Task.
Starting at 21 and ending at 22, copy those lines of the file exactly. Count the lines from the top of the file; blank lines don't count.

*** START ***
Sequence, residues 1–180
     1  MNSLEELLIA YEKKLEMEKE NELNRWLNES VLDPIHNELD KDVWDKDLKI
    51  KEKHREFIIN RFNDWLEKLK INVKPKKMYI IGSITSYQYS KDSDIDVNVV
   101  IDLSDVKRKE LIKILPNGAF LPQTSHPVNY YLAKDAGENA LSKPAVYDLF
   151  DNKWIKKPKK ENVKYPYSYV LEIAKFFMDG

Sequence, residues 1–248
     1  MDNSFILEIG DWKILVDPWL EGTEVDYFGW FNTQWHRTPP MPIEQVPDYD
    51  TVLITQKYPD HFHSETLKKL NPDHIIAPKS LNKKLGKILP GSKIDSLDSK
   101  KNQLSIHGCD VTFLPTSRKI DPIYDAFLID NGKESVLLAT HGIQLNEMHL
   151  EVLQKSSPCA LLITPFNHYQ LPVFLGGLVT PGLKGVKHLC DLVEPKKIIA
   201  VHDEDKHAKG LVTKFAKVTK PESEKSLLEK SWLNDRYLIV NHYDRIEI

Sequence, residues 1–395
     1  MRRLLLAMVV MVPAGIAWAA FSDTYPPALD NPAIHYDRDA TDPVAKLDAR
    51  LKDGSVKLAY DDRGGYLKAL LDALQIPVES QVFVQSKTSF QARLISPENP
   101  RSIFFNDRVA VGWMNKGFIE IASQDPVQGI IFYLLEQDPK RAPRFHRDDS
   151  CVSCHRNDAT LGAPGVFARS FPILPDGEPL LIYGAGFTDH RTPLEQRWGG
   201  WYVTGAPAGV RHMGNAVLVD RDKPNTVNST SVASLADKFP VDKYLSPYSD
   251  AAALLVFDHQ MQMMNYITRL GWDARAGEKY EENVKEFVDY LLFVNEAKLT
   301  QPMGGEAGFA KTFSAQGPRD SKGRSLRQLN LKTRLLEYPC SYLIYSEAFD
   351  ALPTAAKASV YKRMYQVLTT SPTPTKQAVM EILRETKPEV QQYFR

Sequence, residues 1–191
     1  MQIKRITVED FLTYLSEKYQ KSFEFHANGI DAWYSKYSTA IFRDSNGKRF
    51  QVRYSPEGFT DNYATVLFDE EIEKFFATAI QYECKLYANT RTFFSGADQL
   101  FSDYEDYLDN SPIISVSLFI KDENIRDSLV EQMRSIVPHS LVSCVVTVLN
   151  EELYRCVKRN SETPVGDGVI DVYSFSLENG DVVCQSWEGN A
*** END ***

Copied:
Sequence, residues 1–191
     1  MQIKRITVED FLTYLSEKYQ KSFEFHANGI DAWYSKYSTA IFRDSNGKRF